A fellow sufferer told me a while ago that in addition to RLS, she also suffers from piriformis syndrome. I didn’t know what that was then.
She told me the pain was in her buttock and hip. The pain radiated to her leg. She also felt it in her calf.
Same woman recently contacted me again. She told me, among other things, how her restless legs were doing. Also, she suggested that I write a blog about piriformis syndrome.
She said that symptoms of piriformis syndrome are sometimes confused with those of restless legs. That made me curious.
What is piriformis syndrome
The piriformis is a deeper gluteal muscle. Piriformis syndrome usually involves pain in the buttocks. However, the pain can also be in the hip or radiate to the back of the leg.
The pain is caused by the sciatica nerve in the lower back becoming irritated. This nerve runs between the muscles in the buttock, including the piriformis. The piriformis presses on the sciatic nerve and that causes problems.
The cause can be in piriformis as well as in the lower spinal nerve. Sometimes there is overload, sometimes a wrong posture or walking pattern, or a difference in leg length. A fall can also be the cause.
Stress probably also plays an important role in all of this.
Piriformis syndrome occurs mainly in people around the age of 40 and more often in women than in men. Complaints differ per person, but are often experienced after sitting, walking, running or cycling for a long time.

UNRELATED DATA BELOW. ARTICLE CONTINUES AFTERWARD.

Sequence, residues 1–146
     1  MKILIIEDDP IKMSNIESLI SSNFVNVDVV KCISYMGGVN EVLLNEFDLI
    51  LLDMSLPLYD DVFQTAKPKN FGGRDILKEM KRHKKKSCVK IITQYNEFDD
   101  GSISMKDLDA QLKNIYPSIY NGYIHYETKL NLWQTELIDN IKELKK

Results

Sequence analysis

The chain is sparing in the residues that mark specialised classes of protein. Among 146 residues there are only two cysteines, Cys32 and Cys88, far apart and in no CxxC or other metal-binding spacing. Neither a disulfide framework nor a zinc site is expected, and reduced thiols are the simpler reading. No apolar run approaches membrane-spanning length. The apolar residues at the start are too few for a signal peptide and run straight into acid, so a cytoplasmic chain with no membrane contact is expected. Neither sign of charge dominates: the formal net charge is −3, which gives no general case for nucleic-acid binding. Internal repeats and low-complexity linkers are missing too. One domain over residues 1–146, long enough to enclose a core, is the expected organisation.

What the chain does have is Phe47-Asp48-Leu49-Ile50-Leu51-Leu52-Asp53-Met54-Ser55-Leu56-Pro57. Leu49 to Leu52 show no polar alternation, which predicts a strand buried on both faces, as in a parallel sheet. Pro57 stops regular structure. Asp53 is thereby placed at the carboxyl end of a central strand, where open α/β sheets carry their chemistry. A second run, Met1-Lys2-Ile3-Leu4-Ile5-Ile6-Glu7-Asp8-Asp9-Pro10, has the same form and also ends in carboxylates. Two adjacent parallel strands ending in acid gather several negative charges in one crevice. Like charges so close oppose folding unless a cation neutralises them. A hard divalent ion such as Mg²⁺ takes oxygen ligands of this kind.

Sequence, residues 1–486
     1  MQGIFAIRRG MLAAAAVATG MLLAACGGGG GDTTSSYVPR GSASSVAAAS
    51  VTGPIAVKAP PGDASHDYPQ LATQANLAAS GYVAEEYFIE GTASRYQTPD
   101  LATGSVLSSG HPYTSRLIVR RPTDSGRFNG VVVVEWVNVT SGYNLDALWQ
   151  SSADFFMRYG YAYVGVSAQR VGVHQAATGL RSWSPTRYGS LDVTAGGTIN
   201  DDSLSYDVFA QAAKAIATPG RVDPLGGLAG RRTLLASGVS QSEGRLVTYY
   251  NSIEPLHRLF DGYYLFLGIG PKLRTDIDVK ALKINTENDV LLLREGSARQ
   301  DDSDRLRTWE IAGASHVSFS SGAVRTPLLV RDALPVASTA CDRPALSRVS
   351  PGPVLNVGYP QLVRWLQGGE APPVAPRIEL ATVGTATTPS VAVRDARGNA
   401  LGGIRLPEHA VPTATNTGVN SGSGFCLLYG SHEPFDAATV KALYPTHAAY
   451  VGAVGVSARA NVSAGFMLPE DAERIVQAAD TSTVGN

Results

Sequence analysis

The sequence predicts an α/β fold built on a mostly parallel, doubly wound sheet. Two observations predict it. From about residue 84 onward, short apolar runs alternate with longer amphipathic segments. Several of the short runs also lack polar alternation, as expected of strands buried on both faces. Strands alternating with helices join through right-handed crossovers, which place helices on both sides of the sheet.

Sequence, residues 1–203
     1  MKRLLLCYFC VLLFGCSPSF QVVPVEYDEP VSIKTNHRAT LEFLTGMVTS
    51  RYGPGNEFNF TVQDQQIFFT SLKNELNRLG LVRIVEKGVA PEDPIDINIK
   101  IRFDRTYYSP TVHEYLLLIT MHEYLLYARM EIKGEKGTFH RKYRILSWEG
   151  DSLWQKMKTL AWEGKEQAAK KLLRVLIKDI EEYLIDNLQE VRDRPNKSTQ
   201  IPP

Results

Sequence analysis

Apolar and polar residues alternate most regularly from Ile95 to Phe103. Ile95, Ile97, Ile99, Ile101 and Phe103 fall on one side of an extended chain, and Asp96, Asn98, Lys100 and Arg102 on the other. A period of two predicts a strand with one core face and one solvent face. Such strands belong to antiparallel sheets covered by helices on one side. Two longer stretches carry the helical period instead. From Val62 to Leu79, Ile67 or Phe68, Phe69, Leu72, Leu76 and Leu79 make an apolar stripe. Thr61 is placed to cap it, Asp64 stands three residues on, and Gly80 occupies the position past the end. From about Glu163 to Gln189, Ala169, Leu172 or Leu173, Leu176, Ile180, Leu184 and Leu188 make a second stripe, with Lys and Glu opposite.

The diagnosis is quite difficult to make, because the symptoms resemble those of a number of other conditions. Examples include hernia, sciatica, osteoarthritis, tendon or bursitis or nerve pain.
Physiotherapy consists of massage, stretching and exercises to strengthen the muscles in the area around the piriformis. With the painkillers you should think of paracetamol, ibuprofen or diclofenac. These also inhibit inflammation.
The next step may be dry needling.
If all this does not work, you can think of a pain block due to an injection with a local anesthetic or with Botox.
When I delved further into the piriformis syndrome, I thought of another fellow sufferer. She told several times that she has such a pain in her calves while cycling. I thought that was a strange story at the time, because in RLS movement is normally favorable.
Perhaps this fellow sufferer does not have RLS, but the piriformis syndrome! It is also possible that she suffers from both conditions.
With the fellow sufferer I mentioned at the beginning of this blog, things are going a lot better now.
She has less trouble with her buttock and no longer the annoying feeling in her calf as often. A treatment with a physiotherapist with massage, exercises and dry needling has helped her. During her recovery she took ibuprofen and paracetamol.
Fellow sufferer emphasized that she had to continue to take good care of herself. Otherwise the complaints would come back. She therefore still regularly does muscle-strengthening exercises. She also tries to make sure that she is not too stressed.
I also have a nagging pain in my butt every now and then. I mostly feel it at night. Fortunately for me it is not chronic.
My suspicion is that I sometimes suffer from overload. I often do stretching exercises for my restless legs at night. Sometimes that is apparently a bit too much.
It is, also for me, always looking for the right balance.